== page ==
Dan looks at news from three different trading venues and their unique approaches to try and achieve success.
IEX, Nasdaq Futures (NFX) and Seed Commodities Exchange (Seed CX) would seem, on paper, to be three vastly different trading venues.
There is IEX, which went live last week as the 13th US stock exchange after gaining approval from the US Securities Exchange Commission (SEC) back in June. There has been no shortage of stories written about the firm made famous by Michael Lewis' best-selling book "Flash Boys."
Then there is NFX, which celebrated its one-year anniversary this July. The Nasdaq-backed energy exchange is averaging 4 percent market share across crude oil, natural gas, refined products and US power and is looking to hit 10 percent by this time next year.
Finally, there is Seed CX, the newest Swap Execution Facility (SEF) to gain registration from the US Commodities Futures Trading Commission (CFTC). While most would agree there are already plenty of registered SEFs currently running—Seed CX is the 23rd—this one is a bit different. Edward Woodford, the firm's CEO and co-founder, said in a statement Seed CX's first product will be industry hemp derivatives.
Similarities in Differences
So what do a stock exchange, a futures exchange and a SEF have in common? A major foundation point of all three venues is disruption.
IEX was founded around the concept that the way the markets are run is not fair. In order to implement change, the exchange created a speed bump that fundamentally changes the way trading is done.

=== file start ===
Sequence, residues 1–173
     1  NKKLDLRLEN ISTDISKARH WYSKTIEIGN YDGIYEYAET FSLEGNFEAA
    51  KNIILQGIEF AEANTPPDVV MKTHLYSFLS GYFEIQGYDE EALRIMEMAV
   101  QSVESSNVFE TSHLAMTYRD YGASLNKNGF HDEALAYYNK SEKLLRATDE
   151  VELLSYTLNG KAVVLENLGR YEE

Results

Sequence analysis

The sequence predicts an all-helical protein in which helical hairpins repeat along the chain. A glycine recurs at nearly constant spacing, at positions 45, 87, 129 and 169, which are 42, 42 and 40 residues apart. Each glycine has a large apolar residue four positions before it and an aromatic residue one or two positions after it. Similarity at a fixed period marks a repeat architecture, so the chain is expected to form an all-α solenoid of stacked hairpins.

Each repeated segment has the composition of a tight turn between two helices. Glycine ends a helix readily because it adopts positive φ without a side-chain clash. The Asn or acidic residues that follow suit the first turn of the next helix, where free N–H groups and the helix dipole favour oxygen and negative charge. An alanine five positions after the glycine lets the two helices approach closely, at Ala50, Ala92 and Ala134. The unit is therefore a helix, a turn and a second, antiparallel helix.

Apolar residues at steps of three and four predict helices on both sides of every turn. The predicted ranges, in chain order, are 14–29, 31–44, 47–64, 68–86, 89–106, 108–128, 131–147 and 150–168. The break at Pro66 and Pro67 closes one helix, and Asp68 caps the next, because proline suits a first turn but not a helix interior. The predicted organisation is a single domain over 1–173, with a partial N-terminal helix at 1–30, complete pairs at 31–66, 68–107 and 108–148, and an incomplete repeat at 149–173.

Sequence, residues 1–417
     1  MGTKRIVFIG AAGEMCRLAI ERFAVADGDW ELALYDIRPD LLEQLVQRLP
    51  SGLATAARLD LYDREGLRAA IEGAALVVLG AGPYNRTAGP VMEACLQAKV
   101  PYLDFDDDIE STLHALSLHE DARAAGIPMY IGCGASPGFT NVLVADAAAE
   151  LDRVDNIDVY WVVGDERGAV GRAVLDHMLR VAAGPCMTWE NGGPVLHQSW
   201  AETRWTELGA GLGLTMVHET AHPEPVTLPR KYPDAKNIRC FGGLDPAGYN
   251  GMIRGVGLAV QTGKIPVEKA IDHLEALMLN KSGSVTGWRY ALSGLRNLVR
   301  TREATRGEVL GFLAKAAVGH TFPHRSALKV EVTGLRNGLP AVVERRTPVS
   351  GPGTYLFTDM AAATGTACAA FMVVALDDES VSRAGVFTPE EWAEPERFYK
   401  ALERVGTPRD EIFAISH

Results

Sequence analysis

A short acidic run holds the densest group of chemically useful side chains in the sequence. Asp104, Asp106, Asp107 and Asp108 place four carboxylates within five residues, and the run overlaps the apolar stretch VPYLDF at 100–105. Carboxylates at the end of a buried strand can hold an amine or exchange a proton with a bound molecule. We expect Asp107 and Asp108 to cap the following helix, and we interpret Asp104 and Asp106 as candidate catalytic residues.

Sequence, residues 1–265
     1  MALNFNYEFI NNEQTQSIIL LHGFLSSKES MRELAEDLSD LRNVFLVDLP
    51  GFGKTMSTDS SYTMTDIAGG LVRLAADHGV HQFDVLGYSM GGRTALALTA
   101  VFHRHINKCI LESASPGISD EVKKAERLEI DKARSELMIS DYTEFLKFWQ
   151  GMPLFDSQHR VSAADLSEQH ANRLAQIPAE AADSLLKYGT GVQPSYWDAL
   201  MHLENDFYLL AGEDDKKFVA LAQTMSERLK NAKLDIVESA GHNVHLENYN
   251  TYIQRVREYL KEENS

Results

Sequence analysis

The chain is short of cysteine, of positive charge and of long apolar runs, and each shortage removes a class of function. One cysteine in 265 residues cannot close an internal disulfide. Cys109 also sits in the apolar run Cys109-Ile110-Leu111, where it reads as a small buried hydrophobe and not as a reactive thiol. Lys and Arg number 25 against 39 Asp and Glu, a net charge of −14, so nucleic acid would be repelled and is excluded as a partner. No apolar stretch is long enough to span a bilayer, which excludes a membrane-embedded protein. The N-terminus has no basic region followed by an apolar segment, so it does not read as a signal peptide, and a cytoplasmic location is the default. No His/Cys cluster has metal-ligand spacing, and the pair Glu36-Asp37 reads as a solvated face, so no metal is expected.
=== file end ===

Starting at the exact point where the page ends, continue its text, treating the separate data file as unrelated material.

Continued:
Anthony Malakian, WatersTechnology US editor, and I spoke on our podcast, the Waters Wavelength, about how the success or failure of IEX will have a major impact going forward on how the equities market is structured. That's only the case because of IEX's decision to install a speed bump.
NFX's form of disruption is a bit more normal, but still impactful. Looking to pounce on what it believes is a market that needs competition, NFX charges customers $0.25 when they trade and clear oil, refined and natural gas through the exchange and $1.00 on power contracts. This is significantly less than the average rate per contract of the two incumbents in the space, CME Group ($1.168) and Intercontinental Exchange (ICE) ($1.36).
I spoke to Magnus Haglind, the former CEO of NFX and the current deputy head of global commodities at Nasdaq, who said that while contracts will eventually go up, they will top out at 50 percent of what CME and ICE are charging.
Seed CX is quite possibly the most interesting of the bunch. The SEF space has long been considered overpopulated, but what this latest venue brings to the group is an entirely new product. Seed CX's focus is on emerging agricultural markets. Its first will be hemp, a product not to be confused with marijuana. Hemp contains less than 0.3 percent of THC, the primary psychoactive component of marijuana.
All three trading venues are in the very early stages of their existence. However, the success of each will be a telling indication of where the markets are headed. Consider each a canary in the mine shaft that is the capital markets.
Substantial success by IEX will show that there is indeed a belief by those in the space that the markets need to adapt and evolve. Continued growth by NFX, as long as it can maintain its low fees, will show that firms don't have any allegiance to CME and ICE as long as they continue to have higher fees. And trading on Seed CX will show there is a true interest in non-traditional agricultural products.
It may take years for us to get a true understanding of how impactful these three firms actually are, but it will be interesting to see how things shake out.
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